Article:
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Microsoft reveals how hackers stole its email signing key... kind of

Image Credits: MirageC / Getty Images

A series of unfortunate and cascading mistakes allowed a China-backed hacking group to steal one of the keys to Microsoft's email kingdom that granted near unfettered access to U.S. government inboxes. Microsoft explained in a long-awaited blog post this week how the hackers pulled off the heist. But while one mystery was solved, several important details remain unknown.

To recap, Microsoft disclosed in July that hackers it calls Storm-0558, which it believes are backed by China, "acquired" an email signing key that Microsoft uses to secure consumer email accounts like The hackers used that digital skeleton key to break into both the personal and enterprise email accounts of government officials hosted by Microsoft. The hack is seen as a targeted espionage campaign aimed at snooping on the unclassified emails of U.S. government officials and diplomats, reportedly including U.S. Commerce Secretary Gina Raimondo and U.S. Ambassador to China Nicholas Burns.

How the hackers obtained that consumer email signing key was a mystery — even to Microsoft — until this week when the technology giant belatedly laid out the five separate issues that led to the eventual leak of the key.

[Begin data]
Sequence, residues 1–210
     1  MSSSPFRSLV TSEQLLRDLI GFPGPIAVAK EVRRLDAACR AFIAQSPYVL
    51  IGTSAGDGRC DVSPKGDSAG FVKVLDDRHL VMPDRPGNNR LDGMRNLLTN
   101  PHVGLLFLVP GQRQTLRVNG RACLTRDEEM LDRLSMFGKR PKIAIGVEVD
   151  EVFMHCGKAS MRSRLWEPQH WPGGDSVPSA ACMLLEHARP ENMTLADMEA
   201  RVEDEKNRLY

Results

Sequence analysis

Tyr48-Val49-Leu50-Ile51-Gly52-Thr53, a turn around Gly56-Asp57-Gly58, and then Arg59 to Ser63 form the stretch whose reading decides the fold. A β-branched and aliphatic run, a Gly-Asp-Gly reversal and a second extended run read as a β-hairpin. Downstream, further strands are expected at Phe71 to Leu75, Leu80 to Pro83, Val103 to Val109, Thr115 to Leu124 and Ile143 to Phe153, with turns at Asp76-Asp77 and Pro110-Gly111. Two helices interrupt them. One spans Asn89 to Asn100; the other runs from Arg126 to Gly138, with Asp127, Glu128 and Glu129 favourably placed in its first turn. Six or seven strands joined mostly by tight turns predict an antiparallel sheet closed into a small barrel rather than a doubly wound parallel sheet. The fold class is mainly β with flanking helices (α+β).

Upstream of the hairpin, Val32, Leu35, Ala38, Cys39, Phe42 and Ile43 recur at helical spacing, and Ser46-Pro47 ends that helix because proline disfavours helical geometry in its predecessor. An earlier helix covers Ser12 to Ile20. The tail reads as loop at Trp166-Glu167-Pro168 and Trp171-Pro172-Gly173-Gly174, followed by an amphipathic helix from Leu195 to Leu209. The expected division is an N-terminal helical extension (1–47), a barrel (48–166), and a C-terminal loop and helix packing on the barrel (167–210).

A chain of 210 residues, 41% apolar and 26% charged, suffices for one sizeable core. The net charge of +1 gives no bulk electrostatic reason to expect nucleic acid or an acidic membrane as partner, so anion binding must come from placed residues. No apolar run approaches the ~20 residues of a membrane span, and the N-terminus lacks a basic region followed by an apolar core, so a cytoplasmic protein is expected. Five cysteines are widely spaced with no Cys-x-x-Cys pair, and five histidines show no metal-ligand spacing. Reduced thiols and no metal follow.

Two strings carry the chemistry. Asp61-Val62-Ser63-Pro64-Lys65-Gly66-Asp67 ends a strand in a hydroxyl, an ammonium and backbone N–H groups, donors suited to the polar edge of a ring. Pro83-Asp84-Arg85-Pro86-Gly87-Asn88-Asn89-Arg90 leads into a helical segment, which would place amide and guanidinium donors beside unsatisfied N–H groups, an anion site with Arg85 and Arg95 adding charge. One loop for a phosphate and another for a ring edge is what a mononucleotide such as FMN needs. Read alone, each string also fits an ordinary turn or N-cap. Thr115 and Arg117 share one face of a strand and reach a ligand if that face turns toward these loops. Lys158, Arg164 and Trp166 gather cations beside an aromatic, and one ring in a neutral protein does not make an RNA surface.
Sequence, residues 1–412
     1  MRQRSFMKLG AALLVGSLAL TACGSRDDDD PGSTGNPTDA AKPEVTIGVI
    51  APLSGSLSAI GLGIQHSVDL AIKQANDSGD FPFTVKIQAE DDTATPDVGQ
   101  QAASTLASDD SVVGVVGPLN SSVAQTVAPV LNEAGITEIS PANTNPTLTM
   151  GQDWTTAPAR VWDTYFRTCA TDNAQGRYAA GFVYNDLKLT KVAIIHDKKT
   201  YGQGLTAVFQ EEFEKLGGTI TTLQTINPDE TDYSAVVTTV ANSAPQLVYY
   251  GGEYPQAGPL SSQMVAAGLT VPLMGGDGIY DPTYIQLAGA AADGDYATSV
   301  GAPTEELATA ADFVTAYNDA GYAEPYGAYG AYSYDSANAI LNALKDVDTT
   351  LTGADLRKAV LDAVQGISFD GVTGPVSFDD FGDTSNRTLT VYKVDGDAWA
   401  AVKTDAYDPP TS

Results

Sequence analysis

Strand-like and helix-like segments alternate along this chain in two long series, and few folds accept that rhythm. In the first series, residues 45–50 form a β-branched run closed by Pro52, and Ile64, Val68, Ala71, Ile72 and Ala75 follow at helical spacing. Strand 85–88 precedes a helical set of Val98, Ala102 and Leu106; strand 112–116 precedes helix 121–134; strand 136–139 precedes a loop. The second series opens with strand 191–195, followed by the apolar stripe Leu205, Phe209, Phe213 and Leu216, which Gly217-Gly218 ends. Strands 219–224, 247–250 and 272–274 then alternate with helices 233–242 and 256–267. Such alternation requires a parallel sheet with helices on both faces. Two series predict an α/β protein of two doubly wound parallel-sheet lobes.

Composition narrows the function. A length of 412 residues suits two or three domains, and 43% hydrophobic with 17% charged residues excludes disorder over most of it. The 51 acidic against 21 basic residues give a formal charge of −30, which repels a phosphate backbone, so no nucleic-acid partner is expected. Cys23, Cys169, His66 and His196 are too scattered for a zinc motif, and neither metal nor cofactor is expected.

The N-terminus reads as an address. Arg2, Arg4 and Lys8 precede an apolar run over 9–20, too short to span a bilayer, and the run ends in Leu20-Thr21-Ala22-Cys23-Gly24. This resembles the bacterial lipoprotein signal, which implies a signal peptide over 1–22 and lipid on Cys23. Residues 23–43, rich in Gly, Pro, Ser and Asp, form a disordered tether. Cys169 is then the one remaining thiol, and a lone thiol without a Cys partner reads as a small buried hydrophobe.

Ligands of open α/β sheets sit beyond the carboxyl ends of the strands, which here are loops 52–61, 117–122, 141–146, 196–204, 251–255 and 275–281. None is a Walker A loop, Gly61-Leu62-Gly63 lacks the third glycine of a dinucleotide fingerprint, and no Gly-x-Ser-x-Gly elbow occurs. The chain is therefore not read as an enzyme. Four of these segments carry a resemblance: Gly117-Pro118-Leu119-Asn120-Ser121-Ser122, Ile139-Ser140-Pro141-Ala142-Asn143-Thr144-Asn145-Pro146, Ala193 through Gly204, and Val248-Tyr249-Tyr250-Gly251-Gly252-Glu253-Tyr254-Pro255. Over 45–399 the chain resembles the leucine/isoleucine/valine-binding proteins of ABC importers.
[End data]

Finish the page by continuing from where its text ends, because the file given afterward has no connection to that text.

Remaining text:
Microsoft said in its blog post that in April 2021, a system used as part of the consumer key signing process crashed. The crash produced a snapshot image of the system for later analysis. This consumer key signing system is kept in a "highly isolated and restricted" environment where internet access is blocked to defend against a range of cyberattacks. Unbeknownst to Microsoft, when the system crashed, the snapshot image inadvertently included a copy of the consumer signing key 1️⃣ but Microsoft's systems failed to detect the key in the snapshot 2️⃣.


The snapshot image was "subsequently moved from the isolated production network into our debugging environment on the internet connected corporate network" to understand why the system crashed. Microsoft said this was consistent with its standard debugging process, but that the company's credential scanning methods also did not detect the key's presence in the snapshot image 3️⃣.